When comedian Whitney Cummings faced demands for money over a revealing picture, she simply tweeted the picture herself, taunting her would-be blackmailers. "Here it all is, you foolish dorks!" she wrote. It's a powerful lesson in emotional intelligence and in how to stand up to online bullies.
The internet in general, and Twitter in particular, is not always a friendly place for high-profile women. Celebrities like Ashley Judd, Robin Williams's daughter Zelda, and even teenage Stranger Things star Millie Bobby Brown have all faced a barrage of hateful attacks on Twitter. The latest victim of social media bullying is comedian and actress Whitney Cummings, creator of the sitcom 2 Broke Girls. Cummings shares the stage with a sex robot modeled after her in a new Netflix special Can I Touch It?
According to Cummings's tweets, back in April, she accidentally posted a picture of herself to Instagram "that showed nipple." How do you accidentally post a photo of your own naked breast? From the image, it looks like she was attempting to take a picture of herself in the shower from the shoulders up, but captured a bit more of herself than she intended. It would also seem she didn't look at the picture before posting it, at least not very hard. However it happened, she says in her tweets that she removed the image from Instagram as soon as she saw the nipple. "The people who took screen grabs are trying to get money from me, some said they have offers to sell them, some are asking for money to not post the photo," she tweeted.
No dice. "They all must think I'm way more famous than I am, but they also must think I'm way more easily intimidated than I am," she continued. "If anyone is gonna make money or likes off my nipple, it's gonna be me. So here it all is, you foolish dorks." And with that, she tweeted the photo in question.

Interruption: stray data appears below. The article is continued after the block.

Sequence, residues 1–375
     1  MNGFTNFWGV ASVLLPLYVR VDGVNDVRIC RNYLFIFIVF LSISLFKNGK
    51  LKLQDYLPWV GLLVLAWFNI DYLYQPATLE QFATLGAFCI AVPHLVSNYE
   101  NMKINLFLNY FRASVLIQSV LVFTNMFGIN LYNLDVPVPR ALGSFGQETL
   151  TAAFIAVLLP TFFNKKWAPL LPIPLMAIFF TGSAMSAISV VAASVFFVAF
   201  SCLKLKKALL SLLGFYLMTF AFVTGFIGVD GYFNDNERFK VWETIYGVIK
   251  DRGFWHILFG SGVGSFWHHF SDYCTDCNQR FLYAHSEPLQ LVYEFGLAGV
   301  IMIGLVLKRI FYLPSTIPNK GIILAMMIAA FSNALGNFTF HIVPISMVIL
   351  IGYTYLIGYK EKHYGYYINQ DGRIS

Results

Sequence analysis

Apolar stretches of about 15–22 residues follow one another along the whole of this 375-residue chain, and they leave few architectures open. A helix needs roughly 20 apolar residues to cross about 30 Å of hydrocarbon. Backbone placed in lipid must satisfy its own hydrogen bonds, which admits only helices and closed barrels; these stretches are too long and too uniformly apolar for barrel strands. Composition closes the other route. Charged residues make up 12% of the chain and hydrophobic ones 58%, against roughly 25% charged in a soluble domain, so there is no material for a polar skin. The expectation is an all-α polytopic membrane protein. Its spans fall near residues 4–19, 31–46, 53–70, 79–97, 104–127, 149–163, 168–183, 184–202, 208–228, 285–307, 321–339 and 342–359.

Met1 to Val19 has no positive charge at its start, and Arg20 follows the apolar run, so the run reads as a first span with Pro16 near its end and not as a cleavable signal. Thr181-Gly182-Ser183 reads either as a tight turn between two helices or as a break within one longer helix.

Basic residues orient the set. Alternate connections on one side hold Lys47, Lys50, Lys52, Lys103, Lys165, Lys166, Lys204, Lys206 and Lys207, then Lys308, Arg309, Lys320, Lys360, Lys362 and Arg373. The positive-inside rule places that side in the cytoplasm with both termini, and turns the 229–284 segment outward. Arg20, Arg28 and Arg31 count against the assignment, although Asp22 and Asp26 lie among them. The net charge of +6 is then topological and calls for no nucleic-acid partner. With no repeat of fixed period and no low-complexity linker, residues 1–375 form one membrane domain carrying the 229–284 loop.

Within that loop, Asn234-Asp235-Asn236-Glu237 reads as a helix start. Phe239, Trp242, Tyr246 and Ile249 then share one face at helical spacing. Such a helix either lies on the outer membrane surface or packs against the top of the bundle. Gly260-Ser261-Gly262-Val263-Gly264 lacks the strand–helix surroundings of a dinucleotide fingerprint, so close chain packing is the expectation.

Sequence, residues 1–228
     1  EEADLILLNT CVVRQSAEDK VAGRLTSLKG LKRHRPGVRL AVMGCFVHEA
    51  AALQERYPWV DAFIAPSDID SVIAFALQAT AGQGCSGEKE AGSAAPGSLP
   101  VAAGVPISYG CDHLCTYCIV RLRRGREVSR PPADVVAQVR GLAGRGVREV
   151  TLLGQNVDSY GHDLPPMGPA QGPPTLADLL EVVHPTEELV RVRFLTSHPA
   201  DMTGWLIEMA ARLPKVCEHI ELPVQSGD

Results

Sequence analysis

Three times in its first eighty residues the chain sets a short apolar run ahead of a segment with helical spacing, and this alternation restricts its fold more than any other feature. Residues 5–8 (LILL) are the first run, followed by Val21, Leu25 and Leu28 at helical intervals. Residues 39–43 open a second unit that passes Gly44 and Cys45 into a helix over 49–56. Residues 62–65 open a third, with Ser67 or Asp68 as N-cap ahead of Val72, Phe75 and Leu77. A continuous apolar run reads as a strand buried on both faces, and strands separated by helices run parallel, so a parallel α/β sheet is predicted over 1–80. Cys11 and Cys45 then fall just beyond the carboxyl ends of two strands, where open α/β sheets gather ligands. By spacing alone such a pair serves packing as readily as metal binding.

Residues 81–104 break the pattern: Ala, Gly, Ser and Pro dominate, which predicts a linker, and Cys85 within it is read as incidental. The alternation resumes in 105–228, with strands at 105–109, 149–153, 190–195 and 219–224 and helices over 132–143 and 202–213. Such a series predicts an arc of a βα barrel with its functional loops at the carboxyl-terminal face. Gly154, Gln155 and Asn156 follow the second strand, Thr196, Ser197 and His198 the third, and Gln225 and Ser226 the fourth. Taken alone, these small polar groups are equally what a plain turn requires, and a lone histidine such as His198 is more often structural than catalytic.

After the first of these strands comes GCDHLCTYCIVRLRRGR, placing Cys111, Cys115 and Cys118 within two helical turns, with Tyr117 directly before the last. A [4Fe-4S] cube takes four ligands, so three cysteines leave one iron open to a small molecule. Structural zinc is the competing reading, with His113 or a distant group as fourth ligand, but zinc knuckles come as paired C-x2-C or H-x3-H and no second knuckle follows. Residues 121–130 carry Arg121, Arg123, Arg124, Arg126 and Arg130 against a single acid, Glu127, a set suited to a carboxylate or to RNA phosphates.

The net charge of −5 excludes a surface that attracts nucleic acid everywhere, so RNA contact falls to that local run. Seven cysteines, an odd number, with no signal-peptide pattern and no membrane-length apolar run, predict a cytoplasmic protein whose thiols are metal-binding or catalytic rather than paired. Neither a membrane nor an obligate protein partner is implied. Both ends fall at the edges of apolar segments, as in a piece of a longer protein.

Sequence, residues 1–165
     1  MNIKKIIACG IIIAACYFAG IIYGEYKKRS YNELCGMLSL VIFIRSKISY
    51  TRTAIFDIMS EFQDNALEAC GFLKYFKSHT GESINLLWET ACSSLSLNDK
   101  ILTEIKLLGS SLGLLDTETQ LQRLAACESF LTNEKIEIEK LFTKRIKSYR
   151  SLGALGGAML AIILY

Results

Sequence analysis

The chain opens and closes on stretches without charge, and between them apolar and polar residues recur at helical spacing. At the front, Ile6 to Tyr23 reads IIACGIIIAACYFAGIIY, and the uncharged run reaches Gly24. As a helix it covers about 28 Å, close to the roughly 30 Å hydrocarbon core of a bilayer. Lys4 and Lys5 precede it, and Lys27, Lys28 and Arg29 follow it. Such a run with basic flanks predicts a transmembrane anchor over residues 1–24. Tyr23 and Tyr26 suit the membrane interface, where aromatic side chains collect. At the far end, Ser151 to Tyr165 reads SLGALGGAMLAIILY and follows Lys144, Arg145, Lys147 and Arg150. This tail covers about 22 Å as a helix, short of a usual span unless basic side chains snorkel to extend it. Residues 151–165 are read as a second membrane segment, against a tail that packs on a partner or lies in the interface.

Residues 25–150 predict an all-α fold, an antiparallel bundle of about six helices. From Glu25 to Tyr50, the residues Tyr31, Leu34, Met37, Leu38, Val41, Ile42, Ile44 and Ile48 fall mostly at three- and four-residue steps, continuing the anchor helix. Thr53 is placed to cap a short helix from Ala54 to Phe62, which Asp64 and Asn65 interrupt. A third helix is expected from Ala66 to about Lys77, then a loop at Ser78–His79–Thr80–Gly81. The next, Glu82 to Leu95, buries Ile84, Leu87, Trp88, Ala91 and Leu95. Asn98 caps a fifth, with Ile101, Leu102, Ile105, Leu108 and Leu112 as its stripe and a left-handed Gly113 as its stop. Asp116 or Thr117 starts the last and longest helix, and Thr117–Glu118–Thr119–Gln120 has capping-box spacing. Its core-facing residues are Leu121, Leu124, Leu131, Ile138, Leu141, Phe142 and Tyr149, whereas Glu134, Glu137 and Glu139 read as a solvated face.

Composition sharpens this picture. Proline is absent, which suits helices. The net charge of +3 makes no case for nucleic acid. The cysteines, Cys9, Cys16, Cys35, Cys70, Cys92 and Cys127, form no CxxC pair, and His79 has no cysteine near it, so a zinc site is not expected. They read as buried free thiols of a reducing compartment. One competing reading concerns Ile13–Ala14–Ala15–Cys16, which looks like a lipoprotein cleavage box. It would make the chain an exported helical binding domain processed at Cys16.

You can have my nipple, but not my time.
"When a woman in the public eye is extorted, we have to spend time, money and energy dealing with it, hiring lawyers and security experts, and living with a pit in our stomach about when and how we will be humiliated," she concluded. "Y'all can have my nipple, but not my time or money anymore."
Did the blackmailers contact her via Twitter? She doesn't specify, but the fact that she responded on Twitter makes me think maybe they did. She also refused to name names or provide social-media handles for the blackmailers, even when asked to by some of her Twitter followers. The reason, she explained, is that "some of them might be dumb kids. I wouldn't want the stupid ideas I had when I was a teenager to follow me around forever or else every time someone Googled me, they'd see me shoplifting a NO FEAR T-shirt."
That was a very thoughtful way to deal with her would-be extortionists, and more consideration than many people might have given them. To me, her reaction strikes a perfect balance--she's not vindictive, she's not intimidated, and she doesn't waste time engaging with the bullies, she simply defuses their threats and moves on. It's an approach we can all learn from when faced with trolls, threats, or any of the endless rounds of conflict that roil social media on any given day.
Cummings deserves our thanks for providing a useful lesson for all of us who operate online. Inc.com is a family-friendly website so I haven't posted her tweets here. You can find them in her Twitter stream, but be warned. Fellow stand-up comedian Bert Kreischer responded to Cummings' tweets by posting an embarrassing photo of his own, purportedly one of his testicles after a water slide accident. He also tagged it with the trending hashtag #IStandWithWhitney; many people, faced with that photo, tweeted that they wish they hadn't looked. As always on Twitter, click at your own risk.